Rated? Four Stars
Zack Lightman has spent his life dreaming. Dreaming that the real world could be a little more like the countless science-fiction books, movies, and videogames he’s spent his life consuming. Dreaming that one day, some fantastic, world-altering event will shatter the monotony of his humdrum existence and whisk him off on some grand space-faring adventure.
But hey, there’s nothing wrong with a little escapism, right? After all, Zack tells himself, he knows the difference between fantasy and reality. He knows that here in the real world, aimless teenage gamers with anger issues don’t get chosen to save the universe.
And then he sees the flying saucer.
Even stranger, the alien ship he’s staring at is straight out of the videogame he plays every night, a hugely popular online flight simulator called Armada—in which gamers just happen to be protecting the earth from alien invaders.
No, Zack hasn’t lost his mind. As impossible as it seems, what he’s seeing is all too real. And his skills—as well as those of millions of gamers across the world—are going to be needed to save the earth from what’s about to befall it.
It’s Zack’s chance, at last, to play the hero. But even through the terror and exhilaration, he can’t help thinking back to all those science-fiction stories he grew up with, and wondering: Doesn’t something about this scenario seem a little…familiar?
At once gleefully embracing and brilliantly subverting science-fiction conventions as only Ernest Cline could, Armada is a rollicking, surprising thriller, a classic coming of age adventure, and an alien invasion tale like nothing you’ve ever read before—one whose every page is infused with the pop-culture savvy that has helped make Ready Player One a phenomenon.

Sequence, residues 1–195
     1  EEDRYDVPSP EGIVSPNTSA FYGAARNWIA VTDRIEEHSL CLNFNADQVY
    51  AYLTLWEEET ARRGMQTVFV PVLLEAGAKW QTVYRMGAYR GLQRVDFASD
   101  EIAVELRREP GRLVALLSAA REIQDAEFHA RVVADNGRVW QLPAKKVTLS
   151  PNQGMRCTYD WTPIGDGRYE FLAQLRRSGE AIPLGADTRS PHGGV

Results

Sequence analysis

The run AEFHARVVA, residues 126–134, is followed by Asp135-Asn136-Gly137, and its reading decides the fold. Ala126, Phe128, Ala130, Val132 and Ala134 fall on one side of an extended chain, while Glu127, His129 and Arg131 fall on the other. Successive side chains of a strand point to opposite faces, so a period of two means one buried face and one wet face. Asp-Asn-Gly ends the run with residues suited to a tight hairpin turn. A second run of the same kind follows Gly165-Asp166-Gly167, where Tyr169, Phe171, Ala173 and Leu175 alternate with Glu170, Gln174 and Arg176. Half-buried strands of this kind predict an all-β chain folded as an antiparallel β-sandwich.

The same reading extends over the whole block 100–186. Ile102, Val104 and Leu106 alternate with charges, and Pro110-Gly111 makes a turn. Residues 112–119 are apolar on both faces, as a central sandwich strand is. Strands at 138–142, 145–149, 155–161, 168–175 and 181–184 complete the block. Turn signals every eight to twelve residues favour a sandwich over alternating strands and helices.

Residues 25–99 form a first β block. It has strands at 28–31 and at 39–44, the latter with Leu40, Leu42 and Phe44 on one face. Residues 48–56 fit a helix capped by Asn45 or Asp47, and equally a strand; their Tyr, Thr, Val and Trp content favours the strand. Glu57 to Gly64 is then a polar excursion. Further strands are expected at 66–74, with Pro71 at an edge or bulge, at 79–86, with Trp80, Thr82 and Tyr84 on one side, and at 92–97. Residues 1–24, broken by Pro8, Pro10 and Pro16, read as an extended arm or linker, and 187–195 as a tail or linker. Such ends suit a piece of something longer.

It’s all been done before.
Generally speaking, I found this book to be rushed and not as original as Cline’s first book. The plot has been done in film and literature before, and there was nothing to add to the story that made it any better than a pre-existing story. If anything, there was an excess of forehead-slapping cliches. I’m not sure what bothers me more – the fact that it was so rushed and cheesy, or the fact I believe it was ridden that way intentionally.
That said, it still was entertaining in its own way and it’s great to see a different kind of science fiction falling into the mainstream. The book started with the slur of excellent references, even if that familiar theme from Ready Player One disappeared about 30% through. With a lot of suspension of disbelief, a reader can still enjoy the book. I would recommend this for those who are not well-read in science-fiction, who are looking for a light introduction to the genre (outside of the ever-popular dystopia). Avid sci-fi readers will be quickly frustrated with the juvenile characters and lazy writing… not to mention the cliches.